Micron to acquire remaining stake in Intel’s 3D XPoint flash factory

Micron wants to acquire Intel’s remaining stake in the 3D XPoint flash factory. Micron and Intel developed the memory together in a joint venture, but previously announced that they would stop doing so. Micron expects to pay $1.5 billion.

Micron says it can initiate the acquisition on January 1, 2019, and expects it to take between six and 12 months for the deal to close. When that happens, Micron will take full ownership of IM Flash Technologies’ facilities, including the Utah facility that makes 3D XPoint memory. Intel uses that memory for its Optane SSDs.

As part of the deal, Micron will supply wafers with 3D XPoint memory to Intel at current prices for up to one year after the deal is finalized. If Intel wants to continue to release Optane products after that, it will have to enter into a new agreement with Micron.

At the beginning of this year, Intel and Micron announced that they would end their collaboration. In July, the companies clarified that they will continue until the second half of 2019 to complete development of the second-generation 3D XPoint.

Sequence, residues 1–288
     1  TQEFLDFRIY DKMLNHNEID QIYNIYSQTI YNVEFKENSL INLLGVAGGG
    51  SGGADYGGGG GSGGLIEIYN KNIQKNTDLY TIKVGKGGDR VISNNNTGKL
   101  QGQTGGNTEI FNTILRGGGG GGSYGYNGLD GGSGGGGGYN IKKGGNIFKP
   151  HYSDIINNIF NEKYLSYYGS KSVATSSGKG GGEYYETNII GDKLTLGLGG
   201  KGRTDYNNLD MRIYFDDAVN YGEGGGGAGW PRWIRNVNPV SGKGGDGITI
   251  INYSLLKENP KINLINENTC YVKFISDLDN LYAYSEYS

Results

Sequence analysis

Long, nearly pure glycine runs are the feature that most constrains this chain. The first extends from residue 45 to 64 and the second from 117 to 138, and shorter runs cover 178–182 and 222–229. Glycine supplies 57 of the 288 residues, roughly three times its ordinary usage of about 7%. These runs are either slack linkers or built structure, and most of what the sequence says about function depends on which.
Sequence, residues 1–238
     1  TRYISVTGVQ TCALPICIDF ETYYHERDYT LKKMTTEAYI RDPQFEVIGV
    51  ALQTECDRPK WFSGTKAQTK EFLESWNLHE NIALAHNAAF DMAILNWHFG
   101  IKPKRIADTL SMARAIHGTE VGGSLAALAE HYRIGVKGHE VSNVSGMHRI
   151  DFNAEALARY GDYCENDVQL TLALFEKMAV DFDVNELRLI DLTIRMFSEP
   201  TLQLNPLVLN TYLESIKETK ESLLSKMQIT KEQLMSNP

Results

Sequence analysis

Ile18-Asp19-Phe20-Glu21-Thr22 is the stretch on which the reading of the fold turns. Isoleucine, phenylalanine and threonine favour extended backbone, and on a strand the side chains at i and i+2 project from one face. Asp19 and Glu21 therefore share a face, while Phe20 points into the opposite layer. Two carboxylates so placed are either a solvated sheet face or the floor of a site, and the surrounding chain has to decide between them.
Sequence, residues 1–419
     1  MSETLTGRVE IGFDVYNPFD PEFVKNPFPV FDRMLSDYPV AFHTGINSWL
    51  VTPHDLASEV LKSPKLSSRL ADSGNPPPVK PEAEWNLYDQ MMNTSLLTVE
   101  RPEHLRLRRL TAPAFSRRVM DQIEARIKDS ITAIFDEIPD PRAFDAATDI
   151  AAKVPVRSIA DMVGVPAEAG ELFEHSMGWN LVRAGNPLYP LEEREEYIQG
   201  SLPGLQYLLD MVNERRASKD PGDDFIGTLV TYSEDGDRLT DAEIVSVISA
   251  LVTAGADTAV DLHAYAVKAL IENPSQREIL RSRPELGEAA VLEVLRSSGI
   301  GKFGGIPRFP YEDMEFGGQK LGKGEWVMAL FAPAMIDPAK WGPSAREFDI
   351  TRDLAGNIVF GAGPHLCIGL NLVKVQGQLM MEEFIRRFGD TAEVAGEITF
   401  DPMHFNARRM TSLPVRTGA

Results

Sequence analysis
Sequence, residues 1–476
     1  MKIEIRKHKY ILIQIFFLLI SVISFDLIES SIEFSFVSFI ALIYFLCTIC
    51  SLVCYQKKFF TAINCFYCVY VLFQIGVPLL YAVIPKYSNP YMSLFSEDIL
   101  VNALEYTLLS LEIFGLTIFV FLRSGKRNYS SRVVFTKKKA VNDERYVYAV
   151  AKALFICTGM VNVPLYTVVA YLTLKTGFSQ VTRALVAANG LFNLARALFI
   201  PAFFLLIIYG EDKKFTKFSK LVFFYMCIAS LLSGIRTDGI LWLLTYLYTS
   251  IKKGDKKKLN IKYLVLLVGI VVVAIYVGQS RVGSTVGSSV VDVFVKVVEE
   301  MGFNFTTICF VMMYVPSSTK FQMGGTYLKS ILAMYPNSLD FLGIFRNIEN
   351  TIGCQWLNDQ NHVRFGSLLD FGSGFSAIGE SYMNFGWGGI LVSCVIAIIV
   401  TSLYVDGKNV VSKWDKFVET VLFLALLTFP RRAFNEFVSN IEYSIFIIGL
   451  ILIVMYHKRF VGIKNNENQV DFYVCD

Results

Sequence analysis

The two companies use the same memory technology, but develop products separately. Micron does that with the QuantX name and Intel with Optane. Micron hasn’t launched any products yet, Intel has. Micron says it is working with manufacturers and that QuantX products will hit the market by the end of 2019.

Intel and Micron began working together to develop flash memory in 2006. In 2012, Intel reduced all of its stake in IMFT, leaving only the Utah fab as joint ownership. The companies do not comment on the reason why the collaboration is ending. This may be due to disagreements about production methods. If Micron gets the full stake, it can determine the roadmap for further memory development on its own.